Japanese Earthquake & Tsunami
2011 Tohoku Earthquake & Tsunami- Japan
What happened - The 2011 Tohoku earthquake was a magnitude 9.0 undersea earthquake off the coast of Japan that occurred on Friday, March 11, 2011. It is also known as the Great East Japan Earthquake. The epicenter was 70 kilometers (43 mi) east of Tohoku on the Oshika Peninsula. It was the most powerful earthquake ever recorded to hit Japan and the fifth most powerful earthquake in the world since modern record-keeping began in 1900. The earthquake triggered powerful tsunami waves whose heights reached over 40 meters (133 ft.) in Miyako near Tōhoku and traveled more than 10 km (6 mi) inland. The earthquake moved Honshu (the main island of Japan) 2.4 m (8 ft) east and shifted the Earth on its axis by estimates of between 10 cm (4 in) and 25 cm (10 in).
The devastation and loss of life in Japan was extraordinary. A Japanese Police Agency report confirmed 15,889 deaths, 6,152 injured, and 2,601 people still missing. This loss of life was aggravated by over 127,000 buildings that collapsed, with a further 272,788 buildings 'half collapsed', and another 747,989 buildings partially damaged. There was also heavy damage to roads and railways as well as fires in many areas, and a dam collapse. Over 4.4 million households in northeastern Japan were left without electricity and 1.5 million without water. There was also critical damage to a nuclear power plant in the area and radiation leakage from that plant.
The Science of Earthquakes & Tsunamis -
Most earthquakes, including the Tohoku, occur along the edges of the tectonic plates that separate continents and oceans from each other. These tectonic plates are formed from the molten magma that rises from the earth's core and then cools and hardens near the surface of the earth. The tectonic plates move slowly toward one another and when they come in contact there is either a sudden slipping and lifting or one plate 'subducts' (sinks under) the other. Japan is located on the eastern edge of the Eurasian Plate and the North American Plate. The Pacific Plate, which is an oceanic plate, subducts (sinks under) the other two which are called continental plates. Over time, great pressure builds up along the plate edges and is eventually released as an earthquake.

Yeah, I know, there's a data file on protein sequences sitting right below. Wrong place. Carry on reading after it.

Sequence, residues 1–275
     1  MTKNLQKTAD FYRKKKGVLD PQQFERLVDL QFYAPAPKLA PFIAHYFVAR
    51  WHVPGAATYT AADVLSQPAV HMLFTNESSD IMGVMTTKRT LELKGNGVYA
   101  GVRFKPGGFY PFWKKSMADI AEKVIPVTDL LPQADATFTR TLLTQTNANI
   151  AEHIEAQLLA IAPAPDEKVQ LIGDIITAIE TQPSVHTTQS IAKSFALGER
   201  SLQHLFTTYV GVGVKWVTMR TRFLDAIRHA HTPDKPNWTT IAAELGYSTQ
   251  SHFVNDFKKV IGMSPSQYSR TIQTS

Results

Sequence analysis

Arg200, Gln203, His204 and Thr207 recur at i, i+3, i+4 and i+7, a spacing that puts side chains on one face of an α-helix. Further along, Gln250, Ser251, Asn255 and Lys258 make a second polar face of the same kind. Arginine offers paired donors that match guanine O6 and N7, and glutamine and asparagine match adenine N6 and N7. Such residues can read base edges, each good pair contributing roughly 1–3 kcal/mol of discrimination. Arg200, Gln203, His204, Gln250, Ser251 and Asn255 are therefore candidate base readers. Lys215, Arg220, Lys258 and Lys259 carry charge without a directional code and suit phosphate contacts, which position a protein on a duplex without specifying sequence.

If the earthquake occurs underneath or near the ocean, the sudden release of great energy causes a great shockwave in the water and a tsunami or tidal wave can be formed. The tsunami wave, when formed, may not be very tall where the ocean is deep. But when it reaches the shallow water near land, the friction on the bottom of the wave forces the moving water to rise up. However, even a 5 or 6 foot tsunami wave has so much water moving behind it that it can flood entire coastal areas and cities for miles inland. Because the wave may not be visible from the deeper ocean, many earthquake-caused tsunamis reach land without much warning and thousands of people can be killed or swept away in just a few minutes.
What can be done to prevent future disasters - Although earthquakes and tsunamis are naturally occurring events and cannot be prevented, cities, counties and countries can put in place disaster preparedness plans to lessen the impact of these natural disasters. Many earthquake related deaths and most property damage is related to poor or outdated building practices. People living in areas where earthquakes occur should begin rebuilding and retrofitting their homes, buildings, bridges and dams with more modern, earthquake-resistant construction, though this can be very expensive, especially for poorer nations. This has been done all over the San Francisco Bay Area after the 1989 Loma Prieta quake, including building a new span of the Oakland-Bay Bridge. To lessen tsunami deaths and damage, cities and countries near the ocean can also invest in raising sea walls, building earthen berms and drainage ditches near the beaches and even moving vulnerable housing, hospitals and emergency services away from the oceanfront or to upper levels of beachfront buildings. Developing early warning systems to predict, recognize and alert citizens about approaching tsunami waves is critical in helping get people to move to higher ground before the wave hits land. Although no systems or building practices can completely prevent destruction from earthquakes and tsunamis, planning ahead and spending money before the disaster occurs can save many lives and reduce the cost of property damage.
Who can help in a natural disaster? In the event of a natural disaster, emergency services such as fire departments, police departments and emergency medical services are often the first to respond. Schools and hospitals are also places of refuge for local citizens and teaching and hospital staff are expected to remain at their places of work to help out. Local governments can call on the state's National Guard to help with rescue efforts and to prevent rioting or looting. In the event of a large disaster (think Hurricane Katrina and Tohoku) national governments can call on the Coast Guard and armed services personnel if the impact is too large for local and state agencies. Also, many non-profit, social service agencies are entrusted with disaster-preparedness plans to help feed, clothe and shelter their neighborhoods' citizens in the event of a natural disaster.